Cambria County, Pennsylvania
Annals of Jackson Township
Mrs. Betty Burkhart
Communities And Their First Settlers
Vinco And Singer hillIn an old atlas (1890), we read: "Fairview (Vinco), has an available outlet for underlying coal which will in the near future no doubt make this section of the county teem with business activity." The coal bank opened on the old John Singer farm but the future "business activity" did not continue.
In 1890 names prominent in the community in addition to those already named were Emanuel Custer, S. Grove, J. Kilcher, W. Ford, J. Thompson, S. Allbaugh, David Simmons, J. Sides, G.C. Varner, W. Thomas, S. Cobaugh and P. McConaghy. At that time a parsonage stood where the Rodkey home is now and there was also a planing mill, wagon shop and lumber house, (within the last year another planing mill and lumber building have been erected here.) The name, S. Margudent is also listed among those who resided here before the turn of the century. Rev. J.W. Smouse was the pastor of the local church at that time.
Four brothers came to this country from
Germany in 1820 and one, Peter, settled on what is known as the Smith
farm, near Vinco. They were the Allbaugh boys and have many living
descendants here. Peter was married three times and was the father of
17 children. A son, Samuel, built and lived in one of the first houses
in Vinco, a frame structure which stood below where the parsonage now
is, and which was occupied in later years by the Daniel P. Murphy
family, and has in recent years been torn down. Samuel was the father
of four children, one of who died in infancy. The others were lifelong
residents of this community. They were Mrs. Samanma Bowers, Mrs.
Matilda Good, and John Allbaugh, the latter the owner of Allbaugh's
Park, near Vinco. Three brothers of Samuel Allbaugh fought in
the Civil War and he also wished to serve hiking to Gallitzin to enlist
in spite of the fact that he had a wooden leg. He was turned down,
however. One brother escaped from a war prison and hid in a field where
he ate raw corn to keep alive. He succeeded in making his way on the
long trip home as far as Rosedale where he collapsed at the home of a
relative and died.
Jacob Good settled on what is now known as the Singer farm, near Singer
Hill. His son, Christian Good, moved to Good's Corner in 1814. A
great-grandson, Daniel Good, taught school several years at the Leidy
school and served two terms as recorder of deeds of Cambria county,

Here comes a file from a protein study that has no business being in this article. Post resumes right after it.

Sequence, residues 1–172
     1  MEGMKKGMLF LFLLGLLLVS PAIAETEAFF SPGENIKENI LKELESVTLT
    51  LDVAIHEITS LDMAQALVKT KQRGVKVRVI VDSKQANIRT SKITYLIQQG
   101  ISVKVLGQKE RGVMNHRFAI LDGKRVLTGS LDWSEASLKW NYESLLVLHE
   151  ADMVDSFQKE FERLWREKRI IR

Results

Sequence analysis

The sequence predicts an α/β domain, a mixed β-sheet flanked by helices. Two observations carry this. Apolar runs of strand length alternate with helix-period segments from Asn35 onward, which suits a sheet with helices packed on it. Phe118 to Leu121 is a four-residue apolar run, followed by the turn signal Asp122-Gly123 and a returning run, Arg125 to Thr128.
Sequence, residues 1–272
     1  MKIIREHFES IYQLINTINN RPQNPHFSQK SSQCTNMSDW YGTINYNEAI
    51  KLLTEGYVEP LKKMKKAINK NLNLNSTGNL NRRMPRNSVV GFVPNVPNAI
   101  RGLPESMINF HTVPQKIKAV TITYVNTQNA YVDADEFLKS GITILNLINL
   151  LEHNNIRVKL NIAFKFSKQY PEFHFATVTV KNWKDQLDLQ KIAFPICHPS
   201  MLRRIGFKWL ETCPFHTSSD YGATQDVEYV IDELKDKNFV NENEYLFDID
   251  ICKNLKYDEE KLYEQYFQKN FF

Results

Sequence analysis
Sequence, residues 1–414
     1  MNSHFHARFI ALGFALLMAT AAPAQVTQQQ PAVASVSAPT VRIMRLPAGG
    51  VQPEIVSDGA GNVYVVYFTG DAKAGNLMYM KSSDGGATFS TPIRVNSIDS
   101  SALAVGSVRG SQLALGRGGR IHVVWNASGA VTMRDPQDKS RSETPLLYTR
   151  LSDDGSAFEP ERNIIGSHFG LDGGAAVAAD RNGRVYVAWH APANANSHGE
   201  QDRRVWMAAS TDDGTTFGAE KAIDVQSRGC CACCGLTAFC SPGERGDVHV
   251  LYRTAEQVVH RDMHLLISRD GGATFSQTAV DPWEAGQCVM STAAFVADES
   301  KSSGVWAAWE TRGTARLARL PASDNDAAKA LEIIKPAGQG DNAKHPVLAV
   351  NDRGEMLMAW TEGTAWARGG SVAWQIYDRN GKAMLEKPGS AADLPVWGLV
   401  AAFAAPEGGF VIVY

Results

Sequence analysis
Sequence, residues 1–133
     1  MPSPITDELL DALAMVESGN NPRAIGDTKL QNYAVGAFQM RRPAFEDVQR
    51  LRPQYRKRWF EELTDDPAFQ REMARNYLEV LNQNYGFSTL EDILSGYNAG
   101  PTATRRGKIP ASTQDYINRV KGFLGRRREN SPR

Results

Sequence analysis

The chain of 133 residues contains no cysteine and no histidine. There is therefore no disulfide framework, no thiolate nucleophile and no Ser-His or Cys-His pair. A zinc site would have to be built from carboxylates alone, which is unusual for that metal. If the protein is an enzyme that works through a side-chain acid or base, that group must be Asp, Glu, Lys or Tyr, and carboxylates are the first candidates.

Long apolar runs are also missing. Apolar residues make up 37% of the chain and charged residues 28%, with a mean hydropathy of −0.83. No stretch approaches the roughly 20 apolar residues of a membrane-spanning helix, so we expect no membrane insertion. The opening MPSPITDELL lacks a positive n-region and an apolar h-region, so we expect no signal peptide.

elected the first time in 1911.
The Hinkston Run, a stream of water that flows through the valley just below Vinco (it was erroneously stated in last week's installment that this is the Salt Lick creek), feeds into the Hinkston Run dam located just beyond the township line. An interesting story is told (Story's history of Cambria County), about the man after whom the steam was named which concerns the killing of the Indian, Joseph Wipey. According to the story it was prior to 1777 when a Delaware Indian by the name of Joseph Wipey lived just over the township line in what is now Indiana county, but fished on the Conemaugh river and hunted in wilderness around here. He was a peaceful Indian who got along well with the white settlers, as did most of the Delaware tribe. There were several other tribes, however, who did not show the same friendliness to the white man and rangers were sent out to quiet them when they had made one of their uprisings, and to protect the settlers. Many of the white settlers had left here for safety in more thickly populated communities but a Mr. Findley and his "bound boy" had returned to this locality to find a valuable horse they had left behind. The boy was killed by the Indians but Mr. Findley escaped back to Ft. Palmer. One of the rangers sent out to quiet the Indians was John A. Hinkston, and a companion by the name of Cooper. The rangers came upon the body of the boy and buried it, then continued the search for his killer. They found the Indian, Wipey, who was camping on the banks of a small stream and shot him, regardless of the fact that he was of a peace loving tribe and was innocent of murder. The community at large was incensed over the cowardly act and a reward of 50 pounds was offered for the capture of Cooper and Hinkston, who were never apprehended, however. The stream was named for this early ranger.
To Be Continued Next Week